permanent makeup services

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Spa experts discuss how cosmetic tattooing procedures can be a profitable part of a spa menu.

Why did you decide to offer permanent makeup (PMU) services?

Kellie Baxter, CEO, Revive Health Center and Spa in Woodstock, Georgia: We started providing these services in 2016 because we had a large number of clients who needed them—older guests who couldn’t see well enough to apply their own makeup, those who had lost their lashes and brows due to illness, and even women recovering from breast reconstruction who needed a nipple. We wanted to help them all feel gorgeous and regain some of what they had lost. We also had several clients who weren’t happy with the procedures they received at other locations—there was a need for safe, qualified, top-notch PMU services in our community.

Carrie Brown Smith, PMU artist, Orchid Spa and Wellness in Orlando, Florida, and Nouveau Contour trainer: When the spa first opened in 2015, the owners knew that PMU services were in high demand and that my experience and education would be valuable to them. They can refer clients to me for just about every need, whether it’s cosmetic or reconstructive/medical— that way everything stays in house, versus sending guests elsewhere.

Cathy Estrella, MPH, owner, South County Microspa in Rancho Santa Margarita, California: We actually began with PMU, along with microneedling as our only skincare service. The spa opened in 2014 with a business model emphasizing evidence-based therapies that help women either retain or regain a youthful appearance—and in our opinion, PMU is one of the best and fastest ways to accomplish this. Done properly, it can take years off of your appearance, and women leave our office amazed at the results. As a nurse who served ten years in the U.S Navy in the medical field, I dealt with patients who were disfigured by burns or blast injuries, which led to me thinking about cancer survivors and other people who want to look in the mirror and see what they used to see. PMU can be an image booster, and for many people it can also be a return to normalcy.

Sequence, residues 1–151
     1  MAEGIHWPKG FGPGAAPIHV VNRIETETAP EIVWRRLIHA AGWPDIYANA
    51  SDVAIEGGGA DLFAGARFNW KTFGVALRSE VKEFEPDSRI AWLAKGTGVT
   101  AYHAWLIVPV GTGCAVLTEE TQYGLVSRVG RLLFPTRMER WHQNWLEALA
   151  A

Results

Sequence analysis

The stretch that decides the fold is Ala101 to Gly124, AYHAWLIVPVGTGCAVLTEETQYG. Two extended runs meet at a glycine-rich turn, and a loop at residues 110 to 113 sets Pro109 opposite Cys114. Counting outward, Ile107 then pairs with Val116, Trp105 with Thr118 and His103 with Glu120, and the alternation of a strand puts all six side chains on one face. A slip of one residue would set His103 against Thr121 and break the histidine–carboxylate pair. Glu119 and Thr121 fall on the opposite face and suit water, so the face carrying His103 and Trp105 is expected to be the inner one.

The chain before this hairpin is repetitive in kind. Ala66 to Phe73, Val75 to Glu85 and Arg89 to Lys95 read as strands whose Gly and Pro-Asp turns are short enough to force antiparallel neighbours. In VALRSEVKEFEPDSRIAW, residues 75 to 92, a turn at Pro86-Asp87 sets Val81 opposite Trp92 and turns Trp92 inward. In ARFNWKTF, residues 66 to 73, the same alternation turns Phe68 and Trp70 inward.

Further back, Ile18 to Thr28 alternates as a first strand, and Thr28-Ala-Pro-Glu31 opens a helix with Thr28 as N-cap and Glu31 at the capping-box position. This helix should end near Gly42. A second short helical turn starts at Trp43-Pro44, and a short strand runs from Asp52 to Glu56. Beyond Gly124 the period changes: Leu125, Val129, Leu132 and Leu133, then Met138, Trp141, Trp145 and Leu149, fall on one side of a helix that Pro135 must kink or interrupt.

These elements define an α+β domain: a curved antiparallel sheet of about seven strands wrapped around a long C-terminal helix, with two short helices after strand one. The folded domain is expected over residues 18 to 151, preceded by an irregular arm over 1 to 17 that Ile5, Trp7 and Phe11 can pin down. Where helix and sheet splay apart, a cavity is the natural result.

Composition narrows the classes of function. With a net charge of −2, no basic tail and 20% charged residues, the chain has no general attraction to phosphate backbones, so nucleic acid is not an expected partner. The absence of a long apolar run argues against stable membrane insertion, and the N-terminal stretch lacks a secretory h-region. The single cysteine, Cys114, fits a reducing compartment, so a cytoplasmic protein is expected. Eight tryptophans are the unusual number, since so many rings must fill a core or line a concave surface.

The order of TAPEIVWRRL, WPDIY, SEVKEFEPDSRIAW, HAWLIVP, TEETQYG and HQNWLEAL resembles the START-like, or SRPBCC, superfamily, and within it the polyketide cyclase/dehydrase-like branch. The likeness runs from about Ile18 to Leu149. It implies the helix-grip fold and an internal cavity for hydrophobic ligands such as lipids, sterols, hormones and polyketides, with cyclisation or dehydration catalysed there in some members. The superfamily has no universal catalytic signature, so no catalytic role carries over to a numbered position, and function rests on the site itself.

Which of these offerings are the most popular?

Marina Alleyne, esthetician and PMU artist at Magda’s Skin Care Clinic in Winter Park, Florida, and trainer with Nouveau Contour: Eyebrows are trending right now, so those are definitely the most sought-after services. Microblading (120 min./$550) offers a more natural look, and Powder Brow (120 min./$450) looks more made-up. Eyeliner (90 min./ $400-$600) is a close second. It takes less time, and touchups are usually very quick.

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Sarah Redmond, founder, Cocoon Urban Day Spa in San Francisco: We currently perform Upper Eyeliner (90 min./$400), Lower Eyeliner (45 min./$300), Upper Lash Enhancement (60 min./$300), Full Fill Brows (120 min./$550) and Microblading (120 min./$550). All are very successful, but microblading has been a game-changer. It looks so natural and great on just about everyone, including men who would like to fill in gaps or thicken their brows without looking like they’re wearing makeup.

Smith: Eyebrow services! Initially, it was Microblading (120 min.-150 min./$450), but now it’s moving toward Powder Brows (120 min.-150 min./$550), which is a softer look that lasts a bit longer, and Combo Brows (120 min. – 150min./ $600), which is a combination of the individual microblading hair strokes and powder. Prices include: a consultant to determine the best option for the client’s skin type, lifestyle and natural growth pattern, as well as to map the brows and pre-numb the skin; the initial service on the same day; and one touchup a month later, to perfect the shape and adjust color and density. After the first session, I send my clients home with postprocedure ointment and instructions. Most return for a Retouch (60 min./$250-$300) within a year to 18 months.